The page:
Those aren’t the only predictions Bing has planned for football season. There’ll be weekly game-by-game predictions that will show on searches for NFL team names, along with an explanation behind why Bing is making each game prediction. And Bing’s also going to try helping fantasy football players by predicting who the top performers will be each week. That feature can be seen now by searching “fantasy football predictions.”


Bing’s prediction technology uses a variety of data to make intelligent guesses about upcoming events. Beyond the sports world, it’s been used for things as serious as politics (where Bing correctly predicted 97 percent of the 2014 U.S. Senate races) and as frivolous as entertainment awards (Bing got 84 percent of its Academy Awards predictions correct) and reality TV shows (where it correctly predicted 90 percent of American Idol results).

By the way, Bing’s other predicted NFL playoff teams this season? Baltimore, New England, Houston and Miami in the AFC; Dallas, Atlanta, Philadelphia and New Orleans in the NFC. But that’s just today; as any NFL fan knows, things can change quickly — and Bing is betting that its predictions can keep up every week as the season goes along.

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Driving Growth With Marketing Automation – September 9 Webcast

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By Search Engine Land

Advancements in marketing automation have created an opportunity for agencies and marketing teams to be the lifeline for their clients. The roles for marketing teams have evolved into supporting a multitude of responsibilities including customer and prospect engagement, relationship management, data analysis and technical expertise. To manage these responsibilities, agencies and marketing teams need to take advantage of today’s marketing automation technology.

Join panelists Brandee Johnson and Paige Musto for this Digital Marketing Depot webcast and learn how marketing automation helps organizations reach out with the right message at the perfect time to reach their target audience.

Registration is free at Digital Marketing Depot.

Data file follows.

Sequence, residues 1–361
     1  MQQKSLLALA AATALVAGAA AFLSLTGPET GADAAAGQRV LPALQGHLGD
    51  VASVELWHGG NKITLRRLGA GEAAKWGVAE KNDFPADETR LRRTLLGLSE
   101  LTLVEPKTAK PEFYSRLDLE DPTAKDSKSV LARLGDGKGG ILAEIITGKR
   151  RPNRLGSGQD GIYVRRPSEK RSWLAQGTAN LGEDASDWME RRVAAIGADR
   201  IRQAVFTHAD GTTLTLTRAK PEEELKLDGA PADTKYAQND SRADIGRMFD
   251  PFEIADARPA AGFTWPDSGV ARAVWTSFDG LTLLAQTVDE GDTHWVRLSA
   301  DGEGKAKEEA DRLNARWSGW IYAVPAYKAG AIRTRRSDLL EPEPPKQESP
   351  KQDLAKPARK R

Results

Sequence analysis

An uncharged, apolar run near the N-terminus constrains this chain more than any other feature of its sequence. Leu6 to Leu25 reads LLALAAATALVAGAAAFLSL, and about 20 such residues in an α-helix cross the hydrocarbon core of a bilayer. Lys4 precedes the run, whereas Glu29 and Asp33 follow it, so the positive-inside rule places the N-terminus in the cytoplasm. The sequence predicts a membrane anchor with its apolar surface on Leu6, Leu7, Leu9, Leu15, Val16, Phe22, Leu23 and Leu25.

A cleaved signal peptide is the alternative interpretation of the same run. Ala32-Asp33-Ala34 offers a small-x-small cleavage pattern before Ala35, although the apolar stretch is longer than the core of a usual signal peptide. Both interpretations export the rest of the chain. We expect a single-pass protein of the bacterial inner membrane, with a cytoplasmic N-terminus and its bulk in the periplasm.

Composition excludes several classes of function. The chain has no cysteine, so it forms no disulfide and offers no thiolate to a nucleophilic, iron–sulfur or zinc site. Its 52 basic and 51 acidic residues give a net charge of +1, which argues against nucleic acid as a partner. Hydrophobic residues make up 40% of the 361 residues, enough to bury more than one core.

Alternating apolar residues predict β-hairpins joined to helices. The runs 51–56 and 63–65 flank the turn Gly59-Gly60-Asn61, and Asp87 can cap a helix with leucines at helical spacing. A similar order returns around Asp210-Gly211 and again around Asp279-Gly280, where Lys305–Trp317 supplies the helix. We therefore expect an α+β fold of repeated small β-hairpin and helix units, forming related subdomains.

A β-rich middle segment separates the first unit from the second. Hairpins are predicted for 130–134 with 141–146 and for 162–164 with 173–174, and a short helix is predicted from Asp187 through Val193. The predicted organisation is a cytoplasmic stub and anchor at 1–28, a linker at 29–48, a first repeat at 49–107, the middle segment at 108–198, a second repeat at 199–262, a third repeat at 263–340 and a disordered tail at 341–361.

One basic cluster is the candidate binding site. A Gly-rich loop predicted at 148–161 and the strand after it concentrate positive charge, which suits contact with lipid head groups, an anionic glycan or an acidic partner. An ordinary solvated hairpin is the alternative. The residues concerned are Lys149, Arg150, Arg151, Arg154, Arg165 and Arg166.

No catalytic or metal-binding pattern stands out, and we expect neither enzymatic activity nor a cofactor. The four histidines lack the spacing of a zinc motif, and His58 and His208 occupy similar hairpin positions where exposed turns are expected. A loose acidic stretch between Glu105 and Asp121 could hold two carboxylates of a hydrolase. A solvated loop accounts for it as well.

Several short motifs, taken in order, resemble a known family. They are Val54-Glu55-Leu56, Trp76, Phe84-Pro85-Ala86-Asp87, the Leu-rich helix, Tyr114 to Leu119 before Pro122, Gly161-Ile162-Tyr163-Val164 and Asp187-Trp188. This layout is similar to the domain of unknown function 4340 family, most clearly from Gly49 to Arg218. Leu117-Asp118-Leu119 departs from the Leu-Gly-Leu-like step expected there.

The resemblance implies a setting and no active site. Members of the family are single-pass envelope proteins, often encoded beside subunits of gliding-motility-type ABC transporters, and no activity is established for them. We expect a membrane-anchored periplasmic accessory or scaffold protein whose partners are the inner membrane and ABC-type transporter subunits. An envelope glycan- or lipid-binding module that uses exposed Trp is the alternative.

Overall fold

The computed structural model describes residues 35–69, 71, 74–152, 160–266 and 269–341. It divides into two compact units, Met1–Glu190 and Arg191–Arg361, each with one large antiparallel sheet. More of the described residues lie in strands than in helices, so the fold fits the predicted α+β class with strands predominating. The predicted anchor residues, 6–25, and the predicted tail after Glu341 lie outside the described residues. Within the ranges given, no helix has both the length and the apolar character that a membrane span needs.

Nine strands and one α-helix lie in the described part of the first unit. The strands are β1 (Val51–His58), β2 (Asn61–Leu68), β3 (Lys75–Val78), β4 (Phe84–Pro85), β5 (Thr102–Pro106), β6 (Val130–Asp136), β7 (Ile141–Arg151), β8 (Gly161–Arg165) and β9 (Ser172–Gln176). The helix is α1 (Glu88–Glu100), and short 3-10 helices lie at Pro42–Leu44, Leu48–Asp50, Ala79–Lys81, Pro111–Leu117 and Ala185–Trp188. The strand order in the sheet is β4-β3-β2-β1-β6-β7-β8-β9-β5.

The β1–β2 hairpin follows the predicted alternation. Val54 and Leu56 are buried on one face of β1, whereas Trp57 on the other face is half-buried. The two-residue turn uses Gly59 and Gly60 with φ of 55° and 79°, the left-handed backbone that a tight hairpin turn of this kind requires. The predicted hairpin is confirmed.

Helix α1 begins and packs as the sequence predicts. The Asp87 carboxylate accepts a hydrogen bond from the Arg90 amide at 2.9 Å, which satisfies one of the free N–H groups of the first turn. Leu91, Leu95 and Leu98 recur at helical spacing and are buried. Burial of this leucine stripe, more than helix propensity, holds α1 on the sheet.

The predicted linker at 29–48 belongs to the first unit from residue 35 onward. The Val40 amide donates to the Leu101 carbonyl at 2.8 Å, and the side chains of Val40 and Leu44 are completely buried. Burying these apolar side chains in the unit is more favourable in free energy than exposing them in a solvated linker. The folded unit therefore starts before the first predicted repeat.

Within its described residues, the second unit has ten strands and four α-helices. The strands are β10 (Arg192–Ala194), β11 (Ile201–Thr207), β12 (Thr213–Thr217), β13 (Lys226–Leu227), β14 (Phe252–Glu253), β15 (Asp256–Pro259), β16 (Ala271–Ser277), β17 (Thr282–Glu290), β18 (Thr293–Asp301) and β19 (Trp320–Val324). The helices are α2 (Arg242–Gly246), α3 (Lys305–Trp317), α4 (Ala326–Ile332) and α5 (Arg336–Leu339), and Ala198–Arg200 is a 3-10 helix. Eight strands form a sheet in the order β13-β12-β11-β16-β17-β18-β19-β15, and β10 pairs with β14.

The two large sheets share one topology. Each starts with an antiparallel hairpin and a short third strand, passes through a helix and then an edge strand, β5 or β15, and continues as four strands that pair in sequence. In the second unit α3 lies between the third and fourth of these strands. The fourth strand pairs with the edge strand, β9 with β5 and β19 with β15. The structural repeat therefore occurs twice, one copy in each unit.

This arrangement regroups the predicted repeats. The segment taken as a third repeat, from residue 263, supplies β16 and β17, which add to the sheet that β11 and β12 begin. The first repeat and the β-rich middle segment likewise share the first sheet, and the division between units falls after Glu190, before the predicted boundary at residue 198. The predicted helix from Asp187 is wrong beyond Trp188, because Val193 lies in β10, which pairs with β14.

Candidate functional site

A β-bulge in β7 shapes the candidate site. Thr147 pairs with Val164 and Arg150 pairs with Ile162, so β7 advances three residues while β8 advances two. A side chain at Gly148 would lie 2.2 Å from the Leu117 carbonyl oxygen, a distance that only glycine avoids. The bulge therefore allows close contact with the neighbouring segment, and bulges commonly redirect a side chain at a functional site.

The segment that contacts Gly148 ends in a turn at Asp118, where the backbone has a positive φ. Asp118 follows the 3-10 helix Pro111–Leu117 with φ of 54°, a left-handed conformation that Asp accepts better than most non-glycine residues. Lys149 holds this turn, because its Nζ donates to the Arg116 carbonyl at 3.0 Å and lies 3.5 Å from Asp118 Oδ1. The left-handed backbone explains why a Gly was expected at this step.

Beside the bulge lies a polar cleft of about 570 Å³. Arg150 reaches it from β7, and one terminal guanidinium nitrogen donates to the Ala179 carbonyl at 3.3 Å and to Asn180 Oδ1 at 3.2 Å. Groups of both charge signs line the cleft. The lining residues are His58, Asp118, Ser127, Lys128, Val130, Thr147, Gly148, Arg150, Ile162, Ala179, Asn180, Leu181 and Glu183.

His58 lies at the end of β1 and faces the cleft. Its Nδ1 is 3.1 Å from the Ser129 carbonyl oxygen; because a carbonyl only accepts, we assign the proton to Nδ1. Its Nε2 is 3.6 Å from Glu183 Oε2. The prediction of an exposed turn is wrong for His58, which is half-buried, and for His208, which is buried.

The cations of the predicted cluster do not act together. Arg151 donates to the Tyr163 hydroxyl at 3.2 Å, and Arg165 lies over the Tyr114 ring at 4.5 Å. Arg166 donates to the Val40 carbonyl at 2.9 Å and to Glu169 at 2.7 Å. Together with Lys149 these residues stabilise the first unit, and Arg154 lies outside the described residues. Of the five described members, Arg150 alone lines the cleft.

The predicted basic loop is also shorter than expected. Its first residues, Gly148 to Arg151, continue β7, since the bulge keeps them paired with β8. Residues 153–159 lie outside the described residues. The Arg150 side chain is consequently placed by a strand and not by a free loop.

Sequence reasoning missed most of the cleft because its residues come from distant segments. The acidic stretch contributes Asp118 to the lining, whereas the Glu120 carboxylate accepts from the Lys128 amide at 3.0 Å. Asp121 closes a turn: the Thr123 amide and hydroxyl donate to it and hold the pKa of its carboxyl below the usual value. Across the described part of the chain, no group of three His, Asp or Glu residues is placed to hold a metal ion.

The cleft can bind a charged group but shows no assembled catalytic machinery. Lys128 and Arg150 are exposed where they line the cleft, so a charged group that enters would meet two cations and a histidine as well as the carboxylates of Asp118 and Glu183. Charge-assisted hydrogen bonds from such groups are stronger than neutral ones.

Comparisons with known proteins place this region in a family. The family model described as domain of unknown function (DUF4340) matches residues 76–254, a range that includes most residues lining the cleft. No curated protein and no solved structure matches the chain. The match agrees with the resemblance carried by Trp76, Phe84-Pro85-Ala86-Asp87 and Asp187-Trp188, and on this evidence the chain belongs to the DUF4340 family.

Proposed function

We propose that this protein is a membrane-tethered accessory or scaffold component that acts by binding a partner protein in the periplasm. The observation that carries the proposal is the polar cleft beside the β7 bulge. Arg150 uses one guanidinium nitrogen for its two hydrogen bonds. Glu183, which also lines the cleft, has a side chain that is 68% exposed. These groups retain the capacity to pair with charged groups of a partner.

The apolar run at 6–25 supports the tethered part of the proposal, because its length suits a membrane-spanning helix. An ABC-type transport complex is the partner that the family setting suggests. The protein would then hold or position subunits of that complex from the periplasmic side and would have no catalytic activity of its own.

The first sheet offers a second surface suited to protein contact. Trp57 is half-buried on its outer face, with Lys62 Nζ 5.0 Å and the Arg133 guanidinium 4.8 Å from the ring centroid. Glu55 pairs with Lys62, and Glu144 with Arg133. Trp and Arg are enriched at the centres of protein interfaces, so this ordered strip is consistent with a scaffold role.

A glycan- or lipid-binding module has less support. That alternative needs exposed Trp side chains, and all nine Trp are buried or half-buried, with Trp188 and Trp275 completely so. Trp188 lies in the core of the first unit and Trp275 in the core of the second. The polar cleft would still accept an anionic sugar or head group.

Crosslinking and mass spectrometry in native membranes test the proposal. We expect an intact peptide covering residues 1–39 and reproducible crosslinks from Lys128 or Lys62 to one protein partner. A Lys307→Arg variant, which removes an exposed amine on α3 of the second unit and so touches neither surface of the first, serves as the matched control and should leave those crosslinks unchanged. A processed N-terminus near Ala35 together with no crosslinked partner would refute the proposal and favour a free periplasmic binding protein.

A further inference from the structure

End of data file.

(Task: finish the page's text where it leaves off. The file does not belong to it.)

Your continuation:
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Yahoo Follows Google In Building Out Local Search Marketing Reseller Program

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By Greg Sterling

As Yahoo has turned Gemini into a more expansive search marketing platform, it has also expanded the ways the platform is being sold. The company is expanding and adding resellers to its Preferred Partner Program. Its latest partner is small business marketing platform ReachLocal.

Existing Preferred Partners include Marin, Acquisio and Kenshoo, among others.

For years, Google has operated an extensive reseller program for AdWords (called Preferred SMB Partners), which is intended to reach more deeply into the SMB market. The function of the Google program is to bring AdWords to SMBs that otherwise might not do self-service or would be likely to stumble or fail at campaign self-management.

Google has said that when many SMBs self-serve it sees higher churn than if partners or agencies manage those AdWords accounts on behalf of local business owners. Yahoo has been following Google’s lead in starting to build out a similar network of partners to sell and support Gemini for local businesses.

Yahoo’s search marketing inventory is separating from Bing, though it’s not entirely separate. Companies like ReachLocal will now be representing Gemini as mostly distinct inventory and traffic on the PC and mobile to thousands of small business customers.

ReachLocal indicated in an email interview that it isn’t yet selling native advertising on Yahoo as part of the arrangement but that it will be adding both PC and mobile traffic from Yahoo search to its existing paid-search advertising network.

While the small business market has long been an important and attractive (though challenging) target of major internet companies, competition has intensified, with companies like Google and Facebook seeking to be the go-to digital marketing platform for these businesses. Traditional media companies that used to serve these advertisers with their own products exclusively have effectively become agencies selling third-party traffic and inventory to SMBs.